In Eric Rose’s world, an exploding deck of cards represents blood gushing from gunshot wound; a bolt of fabric is, alternately, a hammock, a sail and waves upon the ocean; and men can soar through the clouds at a fraction of the cost of big-budget Hollywood movies.
“I don’t limit the scale or scope of any project. I’d rather dream it first, and then see if we can find the resources to make it happen,” says Rose, co-artistic director of Ghost River Theatre.
Rose’s work combines “high-fi and low-fi theatrical magic,” experimentation and the seamless integration of various elements of stagecraft.
That collaborative, creative approach was used for Ghost River’s 2010 hit, “The Highest Step in the World”, which Rose developed with co-artistic director David van Belle while they were playwrights-in-residence at Alberta Theatre Projects.
“We went to the Green Fools Theatre’s old church [in Erlton] and we laid out old tarps and projectors, and we played for a week, just to see what was possible,” Rose explains. The finished product used projections and a human winch to reproduce the dizzying real-life plunge of skydiver Joseph Kittinger, played by van Belle.
Rose started in Calgary in 2003 as an artistic associate at Theatre Calgary, where he directed and curated the then-fledging play-development program, FUSE.
By age 26, Rose was the youngest person in Theatre Calgary’s history to direct a play on the Max Bell stage with “A Christmas Carol”, followed by “Our Town” and “Jake and the Kid“. He’ll return to Max Bell next year to direct the Canadian premiere of the Theatre Calgary/Citadel Theatre co-production of “The Kite Runner”.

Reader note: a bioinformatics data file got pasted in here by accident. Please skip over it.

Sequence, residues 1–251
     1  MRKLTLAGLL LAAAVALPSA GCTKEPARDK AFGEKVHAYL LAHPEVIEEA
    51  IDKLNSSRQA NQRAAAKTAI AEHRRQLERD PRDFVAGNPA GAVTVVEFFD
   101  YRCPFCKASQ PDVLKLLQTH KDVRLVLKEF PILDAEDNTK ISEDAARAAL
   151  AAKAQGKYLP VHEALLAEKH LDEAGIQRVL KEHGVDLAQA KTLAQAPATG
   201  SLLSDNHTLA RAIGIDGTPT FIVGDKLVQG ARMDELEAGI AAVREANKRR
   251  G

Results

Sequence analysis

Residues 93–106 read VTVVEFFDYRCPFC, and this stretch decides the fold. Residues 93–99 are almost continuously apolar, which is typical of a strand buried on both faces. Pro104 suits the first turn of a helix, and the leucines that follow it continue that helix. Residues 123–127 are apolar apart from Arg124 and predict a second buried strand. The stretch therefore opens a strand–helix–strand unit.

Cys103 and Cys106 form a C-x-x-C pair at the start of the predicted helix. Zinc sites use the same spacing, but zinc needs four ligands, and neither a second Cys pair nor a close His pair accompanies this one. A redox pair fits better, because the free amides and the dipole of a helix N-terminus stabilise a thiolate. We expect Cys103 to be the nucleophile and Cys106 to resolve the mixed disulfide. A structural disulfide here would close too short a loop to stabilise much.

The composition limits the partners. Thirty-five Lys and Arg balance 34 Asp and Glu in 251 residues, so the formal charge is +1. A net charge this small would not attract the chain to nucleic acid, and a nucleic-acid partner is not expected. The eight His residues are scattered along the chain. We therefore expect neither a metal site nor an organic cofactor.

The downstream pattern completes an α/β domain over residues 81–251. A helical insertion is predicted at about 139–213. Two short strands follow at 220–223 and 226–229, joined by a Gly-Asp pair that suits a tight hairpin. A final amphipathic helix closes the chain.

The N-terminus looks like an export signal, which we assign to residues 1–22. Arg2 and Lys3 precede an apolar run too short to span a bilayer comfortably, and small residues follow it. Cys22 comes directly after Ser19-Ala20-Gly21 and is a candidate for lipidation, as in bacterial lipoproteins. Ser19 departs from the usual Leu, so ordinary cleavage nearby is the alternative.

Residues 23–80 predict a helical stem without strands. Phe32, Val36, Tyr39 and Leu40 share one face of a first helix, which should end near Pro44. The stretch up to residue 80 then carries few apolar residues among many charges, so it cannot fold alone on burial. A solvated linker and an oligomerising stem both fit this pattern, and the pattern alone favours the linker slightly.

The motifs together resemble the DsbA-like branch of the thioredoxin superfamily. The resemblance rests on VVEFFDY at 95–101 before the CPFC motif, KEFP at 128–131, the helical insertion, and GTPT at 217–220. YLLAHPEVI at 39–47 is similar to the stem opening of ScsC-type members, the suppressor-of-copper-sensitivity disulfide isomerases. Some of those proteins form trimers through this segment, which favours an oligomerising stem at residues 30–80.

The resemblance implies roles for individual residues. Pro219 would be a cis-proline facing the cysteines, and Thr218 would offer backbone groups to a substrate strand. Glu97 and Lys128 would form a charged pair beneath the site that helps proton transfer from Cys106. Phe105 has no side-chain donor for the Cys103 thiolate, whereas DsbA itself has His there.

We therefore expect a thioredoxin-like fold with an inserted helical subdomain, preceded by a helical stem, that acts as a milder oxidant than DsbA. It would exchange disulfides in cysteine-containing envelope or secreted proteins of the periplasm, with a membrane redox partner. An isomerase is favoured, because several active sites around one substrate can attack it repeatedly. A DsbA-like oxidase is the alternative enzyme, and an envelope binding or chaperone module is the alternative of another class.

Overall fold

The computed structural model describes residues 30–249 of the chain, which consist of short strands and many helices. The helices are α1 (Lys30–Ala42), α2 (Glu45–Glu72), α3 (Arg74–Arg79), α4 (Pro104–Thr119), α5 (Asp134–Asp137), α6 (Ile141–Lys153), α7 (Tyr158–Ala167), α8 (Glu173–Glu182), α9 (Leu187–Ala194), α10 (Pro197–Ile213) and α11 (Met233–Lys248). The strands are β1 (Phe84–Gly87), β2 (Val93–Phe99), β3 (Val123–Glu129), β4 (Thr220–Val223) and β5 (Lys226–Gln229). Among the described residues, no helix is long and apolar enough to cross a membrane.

In the past two years, plays directed by Rose for Ghost River have garnered 16 Betty Mitchell Award nominations and five wins, including back-to-back awards for outstanding production for “The Highest Step in the World” and “ONE”, which also won Toronto’s Summerworks Theatre Festival CanStage Directing Award. Both plays continue to tour nationally.
In June, Rose was one of four Calgary artists to receive the Lieutenant-Governor of Alberta Emerging Artist Award.
An advocate of arts education, Rose has travelled to Ghana three times in the past five years to live and work among aspiring young actors as part of Osu Children’s Library Fund. He also works at ARTSTREK, the Theatre Alberta Drama Camp.